Martha’s father passed away when she was 12. Her mother was always working to support the 6 children she was responsible to care for alone after her husband passed away. Martha was one of the youngest children and the only living daughter.

Martha lived in the inner city of Chicago. She already dropped out of high school before she got pregnant as a teenager. She wasn’t what anyone would call bright by any stretch of the term. But she was beautiful, very beautiful. I saw the grainy blurred photos.

Her child was born without a father. His name was legally omitted on the birth certificate although it did list that he was 21.

There were rumors about the father. He was said to have red hair and green eyes. He was part of a motorcycle gang. He had a very common name and wasn’t from Chicago. He wanted to steal the baby. He wanted nothing to do with the baby. He called on the phone but never said a word. He went off to Vietnam and never came back. He might have been Native American. He was a hillbilly.

Are any of those rumors even true? There is no one to ask anymore..

All he knew was that he didn’t have a dad.

After all, he was a 60’s love child born on LSD.

A simple gift

Most of the time it is the trials in life that shape and mold us into people with character and strength. It makes us better people.

But if I wholeheartedly believe what I just said…than why do I want the opposite for my children?

Paul and I are both (gulp) intellectuals. We try to provide an environment that stimulates learning and promotes education. We read the kids a lot of books when they were young. Paul and I both love to read. Paul spent half of our children’s childhood working on his Master’s degree. He spends hours researching topics of interest, such as, making a geometrical chart with the wind trajectory and sailing co-ordinates to try to improve his race to learning how to rewire his boat. They always see me writing.

We thought that our children would embrace learning, and most of them do. That is why we had such a hard time the last several years when our son kept bringing home failing grades. We knew that he was smart.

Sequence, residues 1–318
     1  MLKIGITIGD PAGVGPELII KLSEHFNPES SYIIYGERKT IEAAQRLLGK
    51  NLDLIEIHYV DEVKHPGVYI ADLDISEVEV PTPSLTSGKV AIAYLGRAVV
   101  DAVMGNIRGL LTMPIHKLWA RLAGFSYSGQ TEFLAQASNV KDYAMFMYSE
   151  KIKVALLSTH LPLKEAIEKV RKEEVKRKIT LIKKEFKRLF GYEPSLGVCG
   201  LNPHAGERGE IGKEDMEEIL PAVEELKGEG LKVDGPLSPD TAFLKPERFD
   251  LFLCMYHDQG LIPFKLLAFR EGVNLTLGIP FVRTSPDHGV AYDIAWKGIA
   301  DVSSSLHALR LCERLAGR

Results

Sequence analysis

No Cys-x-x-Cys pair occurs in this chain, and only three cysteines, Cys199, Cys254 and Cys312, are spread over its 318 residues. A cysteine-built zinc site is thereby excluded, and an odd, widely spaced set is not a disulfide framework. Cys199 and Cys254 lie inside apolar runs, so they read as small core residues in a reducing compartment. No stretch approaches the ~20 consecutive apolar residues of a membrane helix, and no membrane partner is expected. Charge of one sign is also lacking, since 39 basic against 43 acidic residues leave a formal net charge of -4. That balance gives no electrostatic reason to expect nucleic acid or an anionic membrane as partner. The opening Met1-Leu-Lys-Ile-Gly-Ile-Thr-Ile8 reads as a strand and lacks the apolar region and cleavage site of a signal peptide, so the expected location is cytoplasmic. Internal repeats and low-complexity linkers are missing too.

We weren’t expecting him to be just like his dad…

Paul grew up in a completely different environment. His mother, Martha, dropped out of high school before she got pregnant with him as a teenager. She tried over the years to get her GED, but never could pass the test. When she was in her 50’s, she went back to school to get her CNA certificate. Paul, the kids, and I watched her walk down the aisle in her cap and gown to receive her diploma. She was so ecstatic. It was the first degree that she earned in her life. Her excitement saddened me.

When Paul was in 4th grade, he moved from Chicago to a small rural town in Wisconsin. He moved up with his mom and grandma. Due to a brief marriage, Martha had a different last name than Paul. Paul shared the last name of his grandma. This was a very unusual situation back in the 70’s in that area. The kids picked on him because he had no dad. He had a mother with a different last name and still no dad. Everyone thought that Paul was stupid because his mother was intellectually slow. Paul thought that he was stupid too.

He didn’t have a parent that valued education. On parents day at school, he sat alone. His mom couldn’t take time off of work because she was a single parent and had bills to pay. She did what she had to do. He didn’t have someone in the house that could help him with homework. He didn’t have a dad to play catch with.

He failed a high school class and had to take remedial summer school. He ended up going to college because a friend was going and he thought it would be fun. He went to college, did too much partying, and still got bad grades. It caught up to him eventually.

Paul ended up getting kicked out of college for a semester. He went back to his small town and got a factory job alongside his mother. He noticed how poorly his mother was treated there. He couldn’t see himself living that way for the rest of his life. The next semester he went back to school and decided that he wanted to work hard to get good grades. He turned his life around. He even applied for law school, but got rejected.

Sometimes Paul feels like he could’ve been so much more..

He wanted a better life for our children. He gave them something that he never had, although it seems so simple, so basic..

Now it is up to them what they will do with this gift.